With the large number of browser-based applications available, a new class within Software interface was needed. Prior to this change, there were four classes under Software interface: Graphical User Interface, Application Programming Interface, Command Line Interface and Web Service.
What we needed was a class which could represent a Web browser. This is more difficult than it sounds. A piece of software accessible via a browser has a GUI, but it’s not the same thing as a “standalone” application, which is what (in common usage) is called a GUI. Further, as Robert says, a distinction may need to be made at some point between Web 1.0 and Web 2.0 Web applications, and perhaps also Web forms. All Web browsers necessarily have a Web User Interface, which could be a superclass of some or all of these different browser-based interfaces.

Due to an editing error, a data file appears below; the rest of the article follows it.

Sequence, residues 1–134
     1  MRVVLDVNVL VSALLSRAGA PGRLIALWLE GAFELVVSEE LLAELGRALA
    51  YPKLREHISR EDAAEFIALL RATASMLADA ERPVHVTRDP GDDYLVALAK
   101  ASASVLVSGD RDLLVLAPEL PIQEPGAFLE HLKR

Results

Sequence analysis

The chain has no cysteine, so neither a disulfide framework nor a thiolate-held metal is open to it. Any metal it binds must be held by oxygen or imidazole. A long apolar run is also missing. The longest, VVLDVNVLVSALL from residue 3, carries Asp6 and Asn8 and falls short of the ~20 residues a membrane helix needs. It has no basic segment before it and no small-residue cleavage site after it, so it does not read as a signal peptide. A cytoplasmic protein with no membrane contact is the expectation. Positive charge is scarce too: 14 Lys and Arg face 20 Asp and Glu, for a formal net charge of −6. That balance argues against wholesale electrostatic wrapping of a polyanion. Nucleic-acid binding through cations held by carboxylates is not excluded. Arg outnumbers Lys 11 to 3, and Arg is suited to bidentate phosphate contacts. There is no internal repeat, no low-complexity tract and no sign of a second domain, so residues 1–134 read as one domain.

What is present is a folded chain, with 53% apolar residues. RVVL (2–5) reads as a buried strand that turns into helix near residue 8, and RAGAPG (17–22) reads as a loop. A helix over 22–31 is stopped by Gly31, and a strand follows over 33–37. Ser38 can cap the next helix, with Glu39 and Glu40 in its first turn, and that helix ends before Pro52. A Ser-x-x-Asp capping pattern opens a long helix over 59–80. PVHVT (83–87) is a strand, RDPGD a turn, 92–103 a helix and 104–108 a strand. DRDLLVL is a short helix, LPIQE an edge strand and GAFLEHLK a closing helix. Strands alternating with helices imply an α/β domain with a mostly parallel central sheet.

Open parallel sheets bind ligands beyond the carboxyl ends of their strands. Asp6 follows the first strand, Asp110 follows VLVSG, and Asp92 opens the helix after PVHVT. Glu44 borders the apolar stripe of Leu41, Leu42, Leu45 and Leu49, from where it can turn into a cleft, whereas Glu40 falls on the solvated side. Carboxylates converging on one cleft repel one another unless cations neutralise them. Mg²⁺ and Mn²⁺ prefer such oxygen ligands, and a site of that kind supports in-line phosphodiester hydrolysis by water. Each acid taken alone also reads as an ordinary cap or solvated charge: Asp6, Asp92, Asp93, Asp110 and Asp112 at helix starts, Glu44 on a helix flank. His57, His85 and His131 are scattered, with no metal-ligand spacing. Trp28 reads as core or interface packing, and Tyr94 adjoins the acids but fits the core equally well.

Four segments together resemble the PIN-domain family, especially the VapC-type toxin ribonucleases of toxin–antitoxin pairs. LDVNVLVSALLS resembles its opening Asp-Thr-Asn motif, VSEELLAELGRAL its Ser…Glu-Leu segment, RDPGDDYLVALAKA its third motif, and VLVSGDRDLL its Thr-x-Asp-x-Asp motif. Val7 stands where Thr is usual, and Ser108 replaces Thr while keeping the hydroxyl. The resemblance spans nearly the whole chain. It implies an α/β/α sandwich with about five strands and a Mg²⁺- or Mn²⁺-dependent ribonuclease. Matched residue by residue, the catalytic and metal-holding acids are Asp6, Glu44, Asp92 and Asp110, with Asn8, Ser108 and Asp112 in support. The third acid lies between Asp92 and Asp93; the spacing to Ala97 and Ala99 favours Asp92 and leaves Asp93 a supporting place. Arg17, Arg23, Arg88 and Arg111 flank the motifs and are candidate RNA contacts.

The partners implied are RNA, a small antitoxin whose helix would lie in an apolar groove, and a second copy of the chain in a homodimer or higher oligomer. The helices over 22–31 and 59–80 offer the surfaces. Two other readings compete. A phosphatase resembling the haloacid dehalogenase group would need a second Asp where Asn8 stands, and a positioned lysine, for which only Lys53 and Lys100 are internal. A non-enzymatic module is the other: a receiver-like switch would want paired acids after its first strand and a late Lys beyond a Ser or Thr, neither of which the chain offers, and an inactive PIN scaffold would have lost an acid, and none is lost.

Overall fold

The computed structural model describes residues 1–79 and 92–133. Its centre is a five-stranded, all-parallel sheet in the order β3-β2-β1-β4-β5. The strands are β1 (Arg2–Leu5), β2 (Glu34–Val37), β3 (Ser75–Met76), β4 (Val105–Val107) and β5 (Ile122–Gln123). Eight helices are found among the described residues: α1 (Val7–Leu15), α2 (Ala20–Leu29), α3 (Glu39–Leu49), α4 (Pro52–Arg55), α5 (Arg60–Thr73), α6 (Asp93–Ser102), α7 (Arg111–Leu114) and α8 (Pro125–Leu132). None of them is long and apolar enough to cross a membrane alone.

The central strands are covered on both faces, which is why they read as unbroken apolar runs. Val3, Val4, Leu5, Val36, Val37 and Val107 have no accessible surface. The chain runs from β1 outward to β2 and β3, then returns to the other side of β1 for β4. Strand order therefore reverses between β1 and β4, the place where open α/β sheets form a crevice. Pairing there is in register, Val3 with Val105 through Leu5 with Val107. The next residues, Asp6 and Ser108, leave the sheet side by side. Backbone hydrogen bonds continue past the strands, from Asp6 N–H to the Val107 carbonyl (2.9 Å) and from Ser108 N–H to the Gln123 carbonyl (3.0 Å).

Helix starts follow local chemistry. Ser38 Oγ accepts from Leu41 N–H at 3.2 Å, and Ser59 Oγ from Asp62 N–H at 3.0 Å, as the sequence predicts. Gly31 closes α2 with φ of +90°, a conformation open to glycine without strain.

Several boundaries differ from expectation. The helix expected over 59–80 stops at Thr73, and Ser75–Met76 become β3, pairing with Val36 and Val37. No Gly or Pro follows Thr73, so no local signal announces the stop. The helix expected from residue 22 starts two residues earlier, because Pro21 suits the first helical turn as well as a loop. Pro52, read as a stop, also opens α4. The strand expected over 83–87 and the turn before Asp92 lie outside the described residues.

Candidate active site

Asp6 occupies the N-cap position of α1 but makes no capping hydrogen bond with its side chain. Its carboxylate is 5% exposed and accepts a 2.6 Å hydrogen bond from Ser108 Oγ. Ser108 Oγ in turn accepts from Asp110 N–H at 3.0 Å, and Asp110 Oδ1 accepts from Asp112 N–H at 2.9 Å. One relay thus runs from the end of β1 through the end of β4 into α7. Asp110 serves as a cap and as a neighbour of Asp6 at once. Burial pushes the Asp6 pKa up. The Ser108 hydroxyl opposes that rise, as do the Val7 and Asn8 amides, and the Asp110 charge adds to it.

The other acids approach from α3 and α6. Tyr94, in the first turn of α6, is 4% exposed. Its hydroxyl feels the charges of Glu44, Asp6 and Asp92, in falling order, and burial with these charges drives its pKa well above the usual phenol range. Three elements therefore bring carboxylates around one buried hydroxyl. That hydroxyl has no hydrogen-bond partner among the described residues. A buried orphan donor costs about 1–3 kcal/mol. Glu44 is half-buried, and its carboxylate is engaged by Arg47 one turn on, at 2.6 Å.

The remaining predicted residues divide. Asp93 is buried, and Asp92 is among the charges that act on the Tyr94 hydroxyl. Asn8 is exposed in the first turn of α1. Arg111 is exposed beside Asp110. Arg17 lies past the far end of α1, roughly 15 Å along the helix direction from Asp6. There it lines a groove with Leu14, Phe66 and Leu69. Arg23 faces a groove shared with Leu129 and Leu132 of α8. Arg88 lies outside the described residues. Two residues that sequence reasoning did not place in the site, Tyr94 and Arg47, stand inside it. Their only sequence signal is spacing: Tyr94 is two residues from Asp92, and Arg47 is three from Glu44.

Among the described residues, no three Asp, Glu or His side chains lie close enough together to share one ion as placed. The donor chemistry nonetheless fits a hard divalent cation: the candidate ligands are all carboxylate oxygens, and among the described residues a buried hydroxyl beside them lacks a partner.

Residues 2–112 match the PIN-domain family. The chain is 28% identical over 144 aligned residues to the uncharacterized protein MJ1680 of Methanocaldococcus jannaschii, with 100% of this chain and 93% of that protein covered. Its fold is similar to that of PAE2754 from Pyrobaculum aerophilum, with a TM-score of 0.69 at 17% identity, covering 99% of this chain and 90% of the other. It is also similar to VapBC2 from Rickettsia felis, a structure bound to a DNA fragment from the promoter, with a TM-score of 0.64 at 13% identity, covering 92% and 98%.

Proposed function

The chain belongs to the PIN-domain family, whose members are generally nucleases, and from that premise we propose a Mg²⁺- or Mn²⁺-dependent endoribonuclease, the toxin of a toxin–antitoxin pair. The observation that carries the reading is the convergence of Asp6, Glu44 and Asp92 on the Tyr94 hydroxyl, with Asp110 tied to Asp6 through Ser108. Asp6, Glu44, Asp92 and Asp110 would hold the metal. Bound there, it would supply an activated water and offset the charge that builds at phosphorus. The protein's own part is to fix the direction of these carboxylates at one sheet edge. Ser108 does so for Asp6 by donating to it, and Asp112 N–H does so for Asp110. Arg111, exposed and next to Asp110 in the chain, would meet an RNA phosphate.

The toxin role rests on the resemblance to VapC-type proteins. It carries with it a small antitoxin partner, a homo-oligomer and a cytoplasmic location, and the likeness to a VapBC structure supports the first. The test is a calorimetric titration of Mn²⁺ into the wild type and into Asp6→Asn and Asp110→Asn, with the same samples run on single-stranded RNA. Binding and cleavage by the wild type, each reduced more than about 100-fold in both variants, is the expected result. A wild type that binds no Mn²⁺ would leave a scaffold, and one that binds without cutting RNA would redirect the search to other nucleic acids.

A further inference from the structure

Web User Interface can later be extended to also model these different sorts of web-based interfaces (via appropriate child classes, for example). It is worth noting that Web Service should probably not be a child of Web User Interface, as Web Service is more closely related to an API. For now we will not change the location of the Web Service class, and the only change is the addition of the Web User Interface as a sibling of the other four classes.